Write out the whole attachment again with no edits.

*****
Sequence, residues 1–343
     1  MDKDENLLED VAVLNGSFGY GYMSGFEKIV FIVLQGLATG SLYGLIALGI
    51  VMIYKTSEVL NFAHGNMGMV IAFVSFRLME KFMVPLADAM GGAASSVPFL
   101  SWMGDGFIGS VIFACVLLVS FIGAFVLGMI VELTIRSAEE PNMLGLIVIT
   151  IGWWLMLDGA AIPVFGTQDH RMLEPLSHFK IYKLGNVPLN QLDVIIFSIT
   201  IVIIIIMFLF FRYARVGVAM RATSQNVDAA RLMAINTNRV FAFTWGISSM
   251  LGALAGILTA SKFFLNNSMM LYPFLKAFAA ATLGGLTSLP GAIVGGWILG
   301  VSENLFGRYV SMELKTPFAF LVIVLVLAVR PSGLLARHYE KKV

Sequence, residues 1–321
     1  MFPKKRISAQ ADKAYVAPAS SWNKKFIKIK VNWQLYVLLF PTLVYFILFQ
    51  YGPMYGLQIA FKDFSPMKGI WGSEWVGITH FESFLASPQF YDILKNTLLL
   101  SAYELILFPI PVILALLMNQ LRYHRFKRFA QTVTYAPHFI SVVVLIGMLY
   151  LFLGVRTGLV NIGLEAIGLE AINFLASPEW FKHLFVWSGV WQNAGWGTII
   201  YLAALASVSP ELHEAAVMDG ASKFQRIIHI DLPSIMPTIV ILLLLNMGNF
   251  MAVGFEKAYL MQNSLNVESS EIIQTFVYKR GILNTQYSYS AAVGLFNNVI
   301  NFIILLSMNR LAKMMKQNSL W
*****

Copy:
Sequence, residues 1–343
     1  MDKDENLLED VAVLNGSFGY GYMSGFEKIV FIVLQGLATG SLYGLIALGI
    51  VMIYKTSEVL NFAHGNMGMV IAFVSFRLME KFMVPLADAM GGAASSVPFL
   101  SWMGDGFIGS VIFACVLLVS FIGAFVLGMI VELTIRSAEE PNMLGLIVIT
   151  IGWWLMLDGA AIPVFGTQDH RMLEPLSHFK IYKLGNVPLN QLDVIIFSIT
   201  IVIIIIMFLF FRYARVGVAM RATSQNVDAA RLMAINTNRV FAFTWGISSM
   251  LGALAGILTA SKFFLNNSMM LYPFLKAFAA ATLGGLTSLP GAIVGGWILG
   301  VSENLFGRYV SMELKTPFAF LVIVLVLAVR PSGLLARHYE KKV

Sequence, residues 1–321
     1  MFPKKRISAQ ADKAYVAPAS SWNKKFIKIK VNWQLYVLLF PTLVYFILFQ
    51  YGPMYGLQIA FKDFSPMKGI WGSEWVGITH FESFLASPQF YDILKNTLLL
   101  SAYELILFPI PVILALLMNQ LRYHRFKRFA QTVTYAPHFI SVVVLIGMLY
   151  LFLGVRTGLV NIGLEAIGLE AINFLASPEW FKHLFVWSGV WQNAGWGTII
   201  YLAALASVSP ELHEAAVMDG ASKFQRIIHI DLPSIMPTIV ILLLLNMGNF
   251  MAVGFEKAYL MQNSLNVESS EIIQTFVYKR GILNTQYSYS AAVGLFNNVI
   301  NFIILLSMNR LAKMMKQNSL W